Coronavirus and your finances: what help can you get?
The coronavirus outbreak has understandably left many people worried about their finances and anxious about what will happen to their jobs, mortgages and general household bills.
To help you understand your rights and what financial assistance is out there for you, we’ve put together this guide linking you to all the latest news.
We’ll be updating this page regularly as the situation changes and new announcements are made.
Under emergency legislation, the government has confirmed no renter in either social or private accommodation can be evicted from their home. Click here for more.
Mortgage lenders will allow borrowers who are concerned about being able to meet their mortgage repayments to take three months of payment holidays. Payment holidays are also open to landlords whose tenants have been financially affected by coronavirus. Click here for more.
The City Watchdog, the Financial Conduct Authority plans to require firms to protect credit ratings so a payment freeze won’t impact rating. A number of credit reference agencies have confirmed that consumer credit scores will be protected when people have agreed ‘payment holidays’ in place as a result of the COVID-19 pandemic.
Jobs and wages
The government has unveiled a ‘coronavirus job retention scheme’ to prevent mass layoffs during the crisis. It will reimburse 80% of ‘furloughed’ workers’ wage costs, up to a cap of £2,500 per month. All UK businesses are eligible. Click here for more.
This also applies to workers who were made redundant as a result of coronavirus, and employers can also re-recruit staff who left to start a new job, which fell through, and furlough them under the scheme.
The government has also announced the Self-employment Income Support Scheme (SEISS) allowing those eligible to receive a taxable grant worth 80% of average monthly profits based on the last three years of tax returns, up to a maximum of £2,500 a month. While this scheme will be available from June, the self-employed will be able to access Universal Credit before then. See here for more.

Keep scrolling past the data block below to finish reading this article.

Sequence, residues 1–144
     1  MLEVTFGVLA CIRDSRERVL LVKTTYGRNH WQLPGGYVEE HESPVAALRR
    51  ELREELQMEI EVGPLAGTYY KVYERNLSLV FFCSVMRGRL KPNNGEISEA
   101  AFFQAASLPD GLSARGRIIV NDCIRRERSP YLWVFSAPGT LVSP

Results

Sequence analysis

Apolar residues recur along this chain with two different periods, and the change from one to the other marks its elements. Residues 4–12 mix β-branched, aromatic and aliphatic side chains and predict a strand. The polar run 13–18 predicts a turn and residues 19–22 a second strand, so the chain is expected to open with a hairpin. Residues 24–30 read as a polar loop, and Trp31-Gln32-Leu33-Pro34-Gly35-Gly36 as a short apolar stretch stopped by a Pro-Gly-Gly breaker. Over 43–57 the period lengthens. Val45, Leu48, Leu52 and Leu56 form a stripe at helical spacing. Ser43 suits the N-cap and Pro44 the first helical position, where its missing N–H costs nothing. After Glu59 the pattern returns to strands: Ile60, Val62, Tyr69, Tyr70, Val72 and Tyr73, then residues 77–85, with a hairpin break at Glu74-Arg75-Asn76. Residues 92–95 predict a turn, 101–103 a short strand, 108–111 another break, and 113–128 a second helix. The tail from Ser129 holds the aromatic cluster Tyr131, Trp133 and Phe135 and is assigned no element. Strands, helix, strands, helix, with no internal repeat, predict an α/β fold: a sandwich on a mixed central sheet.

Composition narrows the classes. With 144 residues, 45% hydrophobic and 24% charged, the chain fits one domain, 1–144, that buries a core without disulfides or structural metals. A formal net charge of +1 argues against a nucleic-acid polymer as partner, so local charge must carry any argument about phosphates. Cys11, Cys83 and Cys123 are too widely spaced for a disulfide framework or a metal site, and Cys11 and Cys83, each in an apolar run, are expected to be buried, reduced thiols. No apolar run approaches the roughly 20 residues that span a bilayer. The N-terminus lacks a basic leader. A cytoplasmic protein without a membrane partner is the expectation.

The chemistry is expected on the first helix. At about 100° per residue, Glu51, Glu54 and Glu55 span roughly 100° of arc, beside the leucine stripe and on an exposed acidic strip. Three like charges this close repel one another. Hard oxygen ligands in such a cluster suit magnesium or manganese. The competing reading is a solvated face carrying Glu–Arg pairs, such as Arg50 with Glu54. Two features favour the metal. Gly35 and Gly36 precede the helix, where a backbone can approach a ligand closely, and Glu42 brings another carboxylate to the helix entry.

The government and energy industry have agreed a package of measures to ensure the most vulnerable people remain supplied by gas and electricity during the coronavirus pandemic. Measures include pausing debt and bill payments. Click here for more.
There has been no official guidance for people worried about meeting their car loan repayments, however experts believe lenders will show leniency and Financial Conduct Authority rules state lenders must treat customers in arrears fairly. Click here for more.
Overdrafts and loans
The banking trade body, UK Finance, says banks and building societies will give extra support to borrowers worried about their financial situation by either pausing loan repayments or extending overdrafts. Telephone lines are extremely busy at the moment, so customers are urged to check their bank or building society’s website first.
The FCA has proposed a number of measures (expected to come into force on 9 April), including:
- Those hit financially by coronavirus who already have an arranged overdraft on their main personal current account, will be charged 0% on up to £500 for up to three months. Customers without an overdraft on their main personal current account are able to request this.
- Firms to ensure overdraft customers are no worse off on price than before recent overdraft changes came into force.
Rail passengers with advanced or season tickets will get a full refund. Contact either your train company or independent ticket retailer – wherever you bought your ticket originally. Click here for more.
Drivers can continue to use their vehicles even if their MOT has expired. Car, motorbike and van drivers will be given a six-month MOT exemption (from 30 March) so that they can carry out essential journeys such as to work (frontline staff/key workers), shops to buy food or to help a vulnerable person.
Annual tests for heavy goods vehicles such as lorries, buses and trailers were suspended for up to three months on 21 March. Click here for more.
If you are off work because you have to self-isolate, you should be eligible for statutory sick pay (SSP). The government has introduced emergency measures which mean you’ll get SSP from the first day you are off work, rather than the fourth. Click here for more.
Gift card and vouchers
If you’ve a voucher or gift card you’re unable to use or a firm is offering credit instead of cash for a cancelled or postponed good or service, you don’t have to accept it. Consumers are entitled to their money back. See here for more on your consumer rights.